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Fluid Power Introduction

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Presentation on theme: "Fluid Power Introduction"— Presentation transcript:

1 Fluid Power Introduction
All Images reprinted with permission of National Fluid Power Association

2 Fluid Power Definitions
The use of a fluid to transmit power from one location to another Hydraulics The use of a liquid flowing under pressure to transmit power from one location to another Pneumatics The use of a gas flowing under pressure to transmit power from one location to another

3 Why Use Fluid Power? Multiplication & variation of force Easy, accurate control One power source controls many operations High power / low weight ratio Low speed torque Constant force and torque Safe in hazardous environments Multiplication and variation of force - Output can be very closely controlled and can provide large amounts of power. Easy, accurate control - You can start, stop, accelerate, decelerate, reverse, or position large forces with great accuracy. Multi-function control - Many processes can be controlled in a single fluid power system. High horsepower, low weight ratio - Pneumatic components are compact and lightweight. You can hold a five horsepower hydraulic motor in the palm of your hand. Low speed torque - Large amounts of torque force can be created at slower speeds, unlike many electric motors. Constant force or torque - Force and torque outputs experience very little fluctuation. Safety in hazardous environments - Fluid power can be used in mines, chemical plants, near explosives, and in paint applications because it is inherently spark-free and can tolerate high temperatures.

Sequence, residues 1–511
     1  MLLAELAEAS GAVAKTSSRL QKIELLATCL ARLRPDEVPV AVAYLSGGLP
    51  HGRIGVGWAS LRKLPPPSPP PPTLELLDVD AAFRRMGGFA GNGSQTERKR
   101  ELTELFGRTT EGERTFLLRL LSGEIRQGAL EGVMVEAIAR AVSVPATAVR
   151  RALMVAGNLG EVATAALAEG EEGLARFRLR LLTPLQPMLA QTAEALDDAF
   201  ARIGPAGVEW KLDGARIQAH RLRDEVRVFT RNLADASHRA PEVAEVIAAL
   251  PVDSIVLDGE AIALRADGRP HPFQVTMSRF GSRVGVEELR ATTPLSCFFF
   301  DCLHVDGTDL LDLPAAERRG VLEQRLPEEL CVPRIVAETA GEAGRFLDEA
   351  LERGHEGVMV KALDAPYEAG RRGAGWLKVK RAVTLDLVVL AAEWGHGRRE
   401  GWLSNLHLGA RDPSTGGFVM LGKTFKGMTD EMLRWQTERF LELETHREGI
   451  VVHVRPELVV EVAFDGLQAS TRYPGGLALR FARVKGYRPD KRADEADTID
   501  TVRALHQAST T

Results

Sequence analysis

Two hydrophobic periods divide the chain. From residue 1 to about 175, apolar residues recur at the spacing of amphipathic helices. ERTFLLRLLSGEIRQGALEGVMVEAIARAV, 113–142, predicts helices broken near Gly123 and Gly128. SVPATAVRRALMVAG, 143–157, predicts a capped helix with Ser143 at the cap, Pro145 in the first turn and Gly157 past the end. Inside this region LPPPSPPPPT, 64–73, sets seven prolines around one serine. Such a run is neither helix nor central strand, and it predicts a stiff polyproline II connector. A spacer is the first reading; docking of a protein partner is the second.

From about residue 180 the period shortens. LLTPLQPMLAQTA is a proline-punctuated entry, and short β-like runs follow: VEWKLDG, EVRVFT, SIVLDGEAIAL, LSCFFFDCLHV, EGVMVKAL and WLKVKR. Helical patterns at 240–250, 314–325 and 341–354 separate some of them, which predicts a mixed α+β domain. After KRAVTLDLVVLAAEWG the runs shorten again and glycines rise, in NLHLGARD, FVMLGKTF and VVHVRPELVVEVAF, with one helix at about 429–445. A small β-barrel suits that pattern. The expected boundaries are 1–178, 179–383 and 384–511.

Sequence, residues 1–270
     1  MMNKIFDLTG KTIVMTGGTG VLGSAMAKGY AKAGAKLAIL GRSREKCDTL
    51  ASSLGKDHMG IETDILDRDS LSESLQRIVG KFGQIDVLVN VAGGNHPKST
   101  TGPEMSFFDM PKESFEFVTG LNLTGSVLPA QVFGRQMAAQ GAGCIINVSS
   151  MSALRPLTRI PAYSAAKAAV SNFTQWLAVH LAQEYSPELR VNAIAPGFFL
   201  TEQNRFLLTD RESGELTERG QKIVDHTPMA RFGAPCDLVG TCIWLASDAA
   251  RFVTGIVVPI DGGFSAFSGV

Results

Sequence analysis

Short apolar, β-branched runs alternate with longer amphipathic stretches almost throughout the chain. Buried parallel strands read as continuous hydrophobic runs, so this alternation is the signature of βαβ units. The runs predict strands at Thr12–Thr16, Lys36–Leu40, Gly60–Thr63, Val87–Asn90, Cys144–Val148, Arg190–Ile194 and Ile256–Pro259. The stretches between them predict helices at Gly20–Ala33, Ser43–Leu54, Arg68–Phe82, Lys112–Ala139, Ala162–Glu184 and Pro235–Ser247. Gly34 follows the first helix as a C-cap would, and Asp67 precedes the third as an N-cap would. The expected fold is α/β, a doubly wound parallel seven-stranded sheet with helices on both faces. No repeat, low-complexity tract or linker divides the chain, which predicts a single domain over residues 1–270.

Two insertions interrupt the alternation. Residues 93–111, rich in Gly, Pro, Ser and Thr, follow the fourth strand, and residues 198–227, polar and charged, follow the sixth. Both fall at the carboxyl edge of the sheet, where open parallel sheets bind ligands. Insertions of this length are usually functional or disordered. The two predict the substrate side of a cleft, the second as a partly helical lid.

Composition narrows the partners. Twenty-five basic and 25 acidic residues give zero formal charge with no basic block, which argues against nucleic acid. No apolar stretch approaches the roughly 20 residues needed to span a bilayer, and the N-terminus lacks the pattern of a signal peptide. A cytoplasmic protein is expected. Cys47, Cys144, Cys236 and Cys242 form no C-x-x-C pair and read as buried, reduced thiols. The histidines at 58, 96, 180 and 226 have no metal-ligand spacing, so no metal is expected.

4 Basic Fluid Power Components
Reservoir / Receiver Stores fluid Fluid Conductors Pipe, tube, or hose that allows for flow between components Pump / Compressor Converts mechanical power to fluid power Valve Controls direction and amount of flow Actuators Converts fluid power to mechanical power

5 Fluid Power Examples

6 Fluid Power Physics Energy The ability to do work Energy Transfer
From prime mover, or input source, to an actuator, or output device